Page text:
Crude oil continued sliding today on the back of growing tensions between the United States and China and anticipation of a difficult OPEC+ meeting on Friday.
Brent crude futures eased 60c, or 0.8%, to $74.74 a barrel by 3.31pm GMT, while US West Texas Intermediate (WTI) crude futures fell $1.01, or 1.6%, to $64.84 a barrel.
Reuters reported yesterday that Chinese tariffs on U.S. oil will disrupt a business worth some US$1 billion monthly and will hurt U.S. producers in favor of OPEC and Russia. Iran could turn out to be a special beneficiary of the trade spat, which would undermine another line of President Trump’s foreign policy.
Oil traders were watching any indications of what might happen at the Organization of the Petroleum Exporting Countries’ meeting at the end of the week.
Russia and Saudi Arabia are pushing for a steep production increase, with Russian energy minister Alexander Novak saying he wanted to raise output by 1.5-million bpd.
“We share the general expectation that supply quotas will be increased, but probably more in line with the smaller range being quoted [300,000 to 600,000 bpd] given the lack of consensus among Opec members,” said Jack Allardyce, oil and gas research analyst at Cantor Fitzgerald Europe.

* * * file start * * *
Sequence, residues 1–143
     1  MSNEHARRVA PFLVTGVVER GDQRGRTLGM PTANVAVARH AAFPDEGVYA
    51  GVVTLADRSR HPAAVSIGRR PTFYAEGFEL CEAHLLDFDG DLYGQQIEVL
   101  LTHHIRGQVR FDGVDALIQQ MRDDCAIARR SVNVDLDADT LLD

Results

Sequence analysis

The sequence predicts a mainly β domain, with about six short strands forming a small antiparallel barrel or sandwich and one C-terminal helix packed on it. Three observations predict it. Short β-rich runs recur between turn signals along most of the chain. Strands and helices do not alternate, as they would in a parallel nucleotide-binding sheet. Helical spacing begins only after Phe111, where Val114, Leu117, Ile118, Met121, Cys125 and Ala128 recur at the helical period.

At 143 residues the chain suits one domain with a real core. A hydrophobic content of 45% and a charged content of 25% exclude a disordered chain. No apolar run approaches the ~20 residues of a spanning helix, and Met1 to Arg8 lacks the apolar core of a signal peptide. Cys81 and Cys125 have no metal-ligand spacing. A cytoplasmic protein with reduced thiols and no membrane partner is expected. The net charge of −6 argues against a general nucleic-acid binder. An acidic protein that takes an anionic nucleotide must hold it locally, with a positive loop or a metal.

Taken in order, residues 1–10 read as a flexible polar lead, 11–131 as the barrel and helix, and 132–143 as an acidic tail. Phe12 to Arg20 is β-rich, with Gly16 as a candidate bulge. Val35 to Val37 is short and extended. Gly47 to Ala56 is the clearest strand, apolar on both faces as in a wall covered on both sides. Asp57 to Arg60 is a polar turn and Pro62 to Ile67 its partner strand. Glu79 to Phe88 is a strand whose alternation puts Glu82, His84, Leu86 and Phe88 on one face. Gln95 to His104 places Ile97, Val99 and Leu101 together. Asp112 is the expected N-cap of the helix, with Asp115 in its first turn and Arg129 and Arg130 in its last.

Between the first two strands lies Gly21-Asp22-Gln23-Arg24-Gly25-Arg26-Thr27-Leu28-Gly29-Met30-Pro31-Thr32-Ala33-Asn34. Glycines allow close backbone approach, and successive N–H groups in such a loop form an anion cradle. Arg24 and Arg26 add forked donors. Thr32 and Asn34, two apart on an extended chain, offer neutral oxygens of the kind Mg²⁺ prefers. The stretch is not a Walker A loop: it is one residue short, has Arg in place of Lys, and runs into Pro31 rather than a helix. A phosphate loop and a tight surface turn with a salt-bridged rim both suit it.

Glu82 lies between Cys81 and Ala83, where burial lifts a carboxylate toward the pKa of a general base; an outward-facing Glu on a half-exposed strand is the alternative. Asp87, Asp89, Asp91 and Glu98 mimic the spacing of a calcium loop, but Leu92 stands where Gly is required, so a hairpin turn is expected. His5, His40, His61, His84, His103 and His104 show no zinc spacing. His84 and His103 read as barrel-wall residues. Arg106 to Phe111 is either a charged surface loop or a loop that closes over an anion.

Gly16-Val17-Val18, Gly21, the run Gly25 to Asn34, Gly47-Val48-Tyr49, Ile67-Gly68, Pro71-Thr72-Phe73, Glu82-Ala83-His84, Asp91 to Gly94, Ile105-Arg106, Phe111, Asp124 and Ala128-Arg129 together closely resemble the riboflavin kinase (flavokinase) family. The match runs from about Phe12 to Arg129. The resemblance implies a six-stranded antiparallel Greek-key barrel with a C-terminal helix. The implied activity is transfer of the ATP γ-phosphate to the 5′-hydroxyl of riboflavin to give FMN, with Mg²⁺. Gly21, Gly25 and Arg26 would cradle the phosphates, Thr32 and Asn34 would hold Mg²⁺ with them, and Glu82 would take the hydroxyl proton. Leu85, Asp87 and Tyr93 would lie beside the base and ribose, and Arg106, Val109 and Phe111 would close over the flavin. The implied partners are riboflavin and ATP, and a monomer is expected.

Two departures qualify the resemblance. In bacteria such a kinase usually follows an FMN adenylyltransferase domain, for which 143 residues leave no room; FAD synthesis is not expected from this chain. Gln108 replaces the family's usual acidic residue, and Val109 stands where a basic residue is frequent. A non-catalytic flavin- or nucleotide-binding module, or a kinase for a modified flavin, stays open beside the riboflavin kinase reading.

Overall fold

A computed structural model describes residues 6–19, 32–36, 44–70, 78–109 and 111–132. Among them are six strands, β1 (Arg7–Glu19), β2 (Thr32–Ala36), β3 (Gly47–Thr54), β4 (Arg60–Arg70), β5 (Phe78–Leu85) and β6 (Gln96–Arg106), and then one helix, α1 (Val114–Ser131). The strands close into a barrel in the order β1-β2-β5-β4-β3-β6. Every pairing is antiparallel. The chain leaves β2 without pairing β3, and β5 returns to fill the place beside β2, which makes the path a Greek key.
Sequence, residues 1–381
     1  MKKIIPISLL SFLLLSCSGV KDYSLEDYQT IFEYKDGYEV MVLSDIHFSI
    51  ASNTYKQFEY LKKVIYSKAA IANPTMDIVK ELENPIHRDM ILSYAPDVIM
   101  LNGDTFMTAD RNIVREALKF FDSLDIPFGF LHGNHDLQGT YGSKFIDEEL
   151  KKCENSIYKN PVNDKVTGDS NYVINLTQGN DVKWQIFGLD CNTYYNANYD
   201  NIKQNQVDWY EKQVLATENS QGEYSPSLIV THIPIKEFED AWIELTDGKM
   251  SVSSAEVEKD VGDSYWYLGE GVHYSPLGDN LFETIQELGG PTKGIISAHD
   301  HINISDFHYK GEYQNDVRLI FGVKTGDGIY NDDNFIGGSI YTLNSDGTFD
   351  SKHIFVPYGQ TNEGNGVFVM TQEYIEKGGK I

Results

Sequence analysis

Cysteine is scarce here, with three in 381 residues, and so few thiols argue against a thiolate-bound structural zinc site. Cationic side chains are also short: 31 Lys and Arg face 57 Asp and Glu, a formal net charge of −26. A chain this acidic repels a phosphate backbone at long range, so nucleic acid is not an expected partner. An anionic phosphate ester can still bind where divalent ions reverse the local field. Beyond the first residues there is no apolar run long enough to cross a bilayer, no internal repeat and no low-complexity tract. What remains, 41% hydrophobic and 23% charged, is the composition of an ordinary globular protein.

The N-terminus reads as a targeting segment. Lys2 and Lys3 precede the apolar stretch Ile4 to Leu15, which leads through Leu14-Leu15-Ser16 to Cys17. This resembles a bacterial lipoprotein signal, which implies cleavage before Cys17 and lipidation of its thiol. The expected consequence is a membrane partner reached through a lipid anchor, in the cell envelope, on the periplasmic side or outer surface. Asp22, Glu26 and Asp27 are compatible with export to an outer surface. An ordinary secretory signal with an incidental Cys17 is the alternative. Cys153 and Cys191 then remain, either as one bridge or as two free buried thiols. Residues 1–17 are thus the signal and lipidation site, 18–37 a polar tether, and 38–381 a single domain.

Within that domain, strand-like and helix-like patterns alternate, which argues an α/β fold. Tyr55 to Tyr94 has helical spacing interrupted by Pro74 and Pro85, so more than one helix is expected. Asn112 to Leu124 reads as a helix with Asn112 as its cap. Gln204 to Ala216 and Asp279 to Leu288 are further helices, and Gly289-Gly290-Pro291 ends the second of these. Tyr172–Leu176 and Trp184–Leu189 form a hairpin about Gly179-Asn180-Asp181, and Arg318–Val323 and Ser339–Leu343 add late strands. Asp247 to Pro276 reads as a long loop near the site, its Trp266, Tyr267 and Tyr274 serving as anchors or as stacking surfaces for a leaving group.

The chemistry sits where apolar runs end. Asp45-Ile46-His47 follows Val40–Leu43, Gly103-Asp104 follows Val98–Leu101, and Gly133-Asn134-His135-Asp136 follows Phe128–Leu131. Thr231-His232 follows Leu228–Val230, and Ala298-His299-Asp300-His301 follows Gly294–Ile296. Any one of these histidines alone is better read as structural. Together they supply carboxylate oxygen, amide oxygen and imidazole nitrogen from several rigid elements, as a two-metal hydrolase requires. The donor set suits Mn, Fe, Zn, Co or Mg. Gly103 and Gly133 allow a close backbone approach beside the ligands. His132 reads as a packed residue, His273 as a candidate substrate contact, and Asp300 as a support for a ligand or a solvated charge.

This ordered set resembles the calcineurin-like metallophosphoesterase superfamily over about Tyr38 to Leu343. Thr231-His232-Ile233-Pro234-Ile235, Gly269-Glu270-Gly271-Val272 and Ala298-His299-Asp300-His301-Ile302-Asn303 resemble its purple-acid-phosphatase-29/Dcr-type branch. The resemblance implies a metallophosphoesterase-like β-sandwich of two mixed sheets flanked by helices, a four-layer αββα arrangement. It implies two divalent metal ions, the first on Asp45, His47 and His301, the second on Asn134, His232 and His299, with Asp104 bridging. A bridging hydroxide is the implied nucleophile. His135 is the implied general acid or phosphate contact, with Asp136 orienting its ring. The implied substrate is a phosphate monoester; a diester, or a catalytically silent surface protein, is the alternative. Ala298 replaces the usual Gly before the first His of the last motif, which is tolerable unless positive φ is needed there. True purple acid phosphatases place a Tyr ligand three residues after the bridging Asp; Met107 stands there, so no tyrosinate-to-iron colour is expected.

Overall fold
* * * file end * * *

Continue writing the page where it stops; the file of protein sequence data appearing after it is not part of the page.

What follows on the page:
Yet oil’s fundamentals are also pressuring prices. S&P Platts quotes Goldman Sachs analysts as saying in a note to clients that oil prices have been pressured in the past three weeks, not just by geopolitical developments but also by weaker demand from emerging markets and rising inventories.
Indeed, shipping data recently showed oil in floating storage in Europe, for one, was at an 18-month high in May, at 12.9 million barrels. In Asia, oil in floating storage was 9.7 million barrels in the same month.
These updates certainly don’t work for prices as OPEC and Russia are about to meet on Friday and Saturday to discuss reversing the oil production cuts they agreed to in late 2016. There is staunch division within OPEC about the reversal, and the cartel risks breaking apart after this meeting if it fails to arrive at a consensus decision. Still, the consensus expectation is for a production rise following the meeting, which exerts its own pressure on oil pries and will continue doing so until at least Friday.